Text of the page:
Written & Directed by Sara Farrington
March 6-16, 2014
INCUBATOR ARTS PROJECT
131 E. 10th Street
Tickets on sale soon at incubatorarts.org
NOTE: There is nudity in this play.
Lights designed by Cecilia Durbin
Sound Design by Juan Aboites
Stage Management by Stacy Arnaiz
Research Consultant: Gen. Parker Hills
Music by San Joaquin and James Ryan
Drums by Kevin Otto
Additional instrumentation by Jack Marshall
Recorded at Cloudman Labs, East Hampton, NY
ABOUT THE PLAY:
On May 18th, 1863 Union troops (or “Feds”) fell upon the river city of Vicksburg, MS and fought for it until July 4th, a total of 47 days. To escape the relentless artillery fire, mortar attacks and bombardments, the citizens of Vicksburg, mostly women, children and soon-to-be-former slaves, dug and hid in a series of 500 caves in the hills and bluffs of the city. The cave dwellers watched as their city was attacked with some of the most advanced weaponry of the time, including mortars that could travel over 4,000 yards and penetrate 40 feet of Vicksburg soil. If a cave was hit directly, inhabitants were either killed or buried alive. Vicksburg was a Union victory, with 4,910 Union casualties and 32,492 Confederate casualties. Incredibly though, only 20 of Vicksburg’s citizens were killed during the siege because of the safety of the caves. Many first hand accounts of cave life in Vicksburg were written by women, including Emma Balfour, Lucy McRae and Mary Ann Longborough, whose incredible account, My Cave Life in Vicksburg inspired this play.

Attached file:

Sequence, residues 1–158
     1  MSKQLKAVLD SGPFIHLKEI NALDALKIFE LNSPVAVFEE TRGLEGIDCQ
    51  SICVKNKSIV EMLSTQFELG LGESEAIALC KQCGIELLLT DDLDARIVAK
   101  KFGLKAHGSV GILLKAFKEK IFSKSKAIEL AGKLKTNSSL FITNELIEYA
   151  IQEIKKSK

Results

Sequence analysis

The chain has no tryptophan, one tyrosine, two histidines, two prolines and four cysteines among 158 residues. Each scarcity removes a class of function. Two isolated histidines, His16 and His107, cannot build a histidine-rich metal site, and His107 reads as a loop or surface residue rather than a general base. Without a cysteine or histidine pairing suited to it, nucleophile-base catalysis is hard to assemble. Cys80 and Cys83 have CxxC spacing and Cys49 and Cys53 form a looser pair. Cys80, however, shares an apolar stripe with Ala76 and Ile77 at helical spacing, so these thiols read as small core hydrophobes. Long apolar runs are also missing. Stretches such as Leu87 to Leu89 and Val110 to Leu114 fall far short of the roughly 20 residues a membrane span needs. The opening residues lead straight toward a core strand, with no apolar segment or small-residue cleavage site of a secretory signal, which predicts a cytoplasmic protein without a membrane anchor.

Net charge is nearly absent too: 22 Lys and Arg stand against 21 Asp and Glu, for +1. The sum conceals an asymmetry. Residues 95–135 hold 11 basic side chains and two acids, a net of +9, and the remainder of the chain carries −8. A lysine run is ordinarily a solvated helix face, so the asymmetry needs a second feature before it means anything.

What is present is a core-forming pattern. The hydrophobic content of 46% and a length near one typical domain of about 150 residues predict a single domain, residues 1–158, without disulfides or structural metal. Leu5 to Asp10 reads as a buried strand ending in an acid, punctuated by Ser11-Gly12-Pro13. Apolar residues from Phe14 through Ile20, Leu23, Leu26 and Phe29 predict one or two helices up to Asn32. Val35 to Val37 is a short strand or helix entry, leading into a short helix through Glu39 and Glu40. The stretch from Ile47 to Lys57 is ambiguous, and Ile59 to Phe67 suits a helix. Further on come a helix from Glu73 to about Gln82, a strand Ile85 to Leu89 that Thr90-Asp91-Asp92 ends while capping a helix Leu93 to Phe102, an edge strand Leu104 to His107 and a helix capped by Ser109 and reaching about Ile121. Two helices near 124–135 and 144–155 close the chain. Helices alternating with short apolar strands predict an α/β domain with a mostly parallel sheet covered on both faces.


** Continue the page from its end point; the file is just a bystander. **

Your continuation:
The play about three completely powerless people hiding in one of these caves: Jane, a middle class Southern woman, her husband’s slave, George, and Jane’s teenaged daughter. As the war rages only inches away from them, Jane and George create their own version of society in the claustrophobic cave, with its own set of rules, boundaries, language and physicality.